The EPA uses reference concentrations to estimate the amount of a pollutant an individual could be exposed to over a lifetime without experiencing adverse health effects. Exposure to concentrations of manganese less than 50 ng/m3 are considered safe, according to the agency.
Manganese is a metal used in steelmaking that can affect brain and motor function at high concentrations, according to the EPA.
The main contributor of manganese dust, according to the EPA report, was the Kinder Morgan facility, which was identified as one of two “hot spots” for manganese emissions. The EPA's finding was based on wind speed and direction, along with manganese measurements. Kinder Morgan unloaded materials during typical business hours, which was consistent with peak manganese values detected during the study, according to the agency's report.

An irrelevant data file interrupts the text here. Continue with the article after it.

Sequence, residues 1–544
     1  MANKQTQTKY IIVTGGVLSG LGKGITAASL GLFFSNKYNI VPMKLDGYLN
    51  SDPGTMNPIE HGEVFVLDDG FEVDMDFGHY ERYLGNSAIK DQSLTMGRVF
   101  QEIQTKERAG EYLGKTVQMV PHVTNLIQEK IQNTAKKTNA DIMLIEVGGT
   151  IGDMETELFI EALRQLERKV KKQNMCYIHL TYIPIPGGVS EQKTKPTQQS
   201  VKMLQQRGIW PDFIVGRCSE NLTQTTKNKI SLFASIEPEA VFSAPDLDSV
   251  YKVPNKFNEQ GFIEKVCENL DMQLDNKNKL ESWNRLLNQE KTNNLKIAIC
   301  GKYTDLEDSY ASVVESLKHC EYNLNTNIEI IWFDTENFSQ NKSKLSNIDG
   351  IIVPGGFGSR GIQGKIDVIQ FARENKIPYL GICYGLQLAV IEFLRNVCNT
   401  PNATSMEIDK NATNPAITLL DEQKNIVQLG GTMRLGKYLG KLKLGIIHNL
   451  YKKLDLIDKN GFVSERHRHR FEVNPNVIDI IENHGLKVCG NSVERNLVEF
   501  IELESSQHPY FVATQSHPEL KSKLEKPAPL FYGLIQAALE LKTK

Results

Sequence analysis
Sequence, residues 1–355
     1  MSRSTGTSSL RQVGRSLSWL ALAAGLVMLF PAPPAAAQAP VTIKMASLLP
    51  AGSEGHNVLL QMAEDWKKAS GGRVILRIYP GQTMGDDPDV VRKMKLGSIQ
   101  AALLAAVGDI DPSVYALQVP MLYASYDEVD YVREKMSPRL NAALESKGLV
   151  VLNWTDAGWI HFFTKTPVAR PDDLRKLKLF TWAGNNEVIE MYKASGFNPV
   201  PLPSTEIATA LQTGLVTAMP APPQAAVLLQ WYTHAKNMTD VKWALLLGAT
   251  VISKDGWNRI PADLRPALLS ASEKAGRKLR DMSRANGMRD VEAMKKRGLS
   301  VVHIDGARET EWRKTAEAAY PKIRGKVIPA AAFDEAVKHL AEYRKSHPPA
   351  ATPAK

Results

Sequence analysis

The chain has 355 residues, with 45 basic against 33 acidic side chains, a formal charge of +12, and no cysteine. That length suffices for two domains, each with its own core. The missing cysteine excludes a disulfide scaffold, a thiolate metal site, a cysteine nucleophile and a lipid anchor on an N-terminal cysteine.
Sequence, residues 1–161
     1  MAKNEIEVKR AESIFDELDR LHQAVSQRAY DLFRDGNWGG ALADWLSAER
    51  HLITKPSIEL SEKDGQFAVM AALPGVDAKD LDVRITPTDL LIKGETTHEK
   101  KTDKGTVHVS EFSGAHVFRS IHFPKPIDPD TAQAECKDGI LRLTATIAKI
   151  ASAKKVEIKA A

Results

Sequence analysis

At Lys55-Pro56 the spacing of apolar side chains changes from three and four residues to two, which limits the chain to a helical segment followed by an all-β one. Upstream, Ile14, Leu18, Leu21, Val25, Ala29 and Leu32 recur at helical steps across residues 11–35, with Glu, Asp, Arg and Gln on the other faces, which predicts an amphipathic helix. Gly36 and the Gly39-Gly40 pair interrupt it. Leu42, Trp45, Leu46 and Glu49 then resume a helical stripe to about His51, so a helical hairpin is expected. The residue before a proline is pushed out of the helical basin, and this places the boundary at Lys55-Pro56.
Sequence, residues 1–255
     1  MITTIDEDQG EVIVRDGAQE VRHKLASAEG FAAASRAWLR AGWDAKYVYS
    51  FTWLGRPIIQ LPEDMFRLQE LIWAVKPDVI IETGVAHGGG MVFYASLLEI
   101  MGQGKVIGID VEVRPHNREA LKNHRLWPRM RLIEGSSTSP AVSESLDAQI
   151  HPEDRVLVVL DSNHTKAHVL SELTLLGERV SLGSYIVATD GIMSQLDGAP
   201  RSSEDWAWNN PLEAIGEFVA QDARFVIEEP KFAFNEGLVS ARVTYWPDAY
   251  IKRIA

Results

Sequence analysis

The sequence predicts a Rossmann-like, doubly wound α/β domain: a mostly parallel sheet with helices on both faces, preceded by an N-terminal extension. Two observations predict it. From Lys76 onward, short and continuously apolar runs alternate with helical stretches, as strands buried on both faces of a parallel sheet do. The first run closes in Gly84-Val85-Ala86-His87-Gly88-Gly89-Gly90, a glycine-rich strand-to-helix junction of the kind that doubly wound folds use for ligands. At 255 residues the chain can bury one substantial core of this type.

Earlier this year, Kinder Morgan sold the terminal and 19 other facilities “that were not core to our business” to WATCO Companies, LLC, according to a statement from Kinder Morgan. It is unclear how WATCO intends to use the site.
Before selling the facility, Kinder Morgan, like several other bulk material companies, had been in a multiyear dispute with Chicago’s Department of Public Health over compliance with new environmental rules adopted by the city in 2014 that require companies to limit dust emissions.
The report showing manganese dust emissions from the Kinder Morgan site was submitted to CDPH on March 10 by Meleah Geertsma, a Chicago-based attorney with the Natural Resources Defense Council who has been tracking manganese pollution in the area.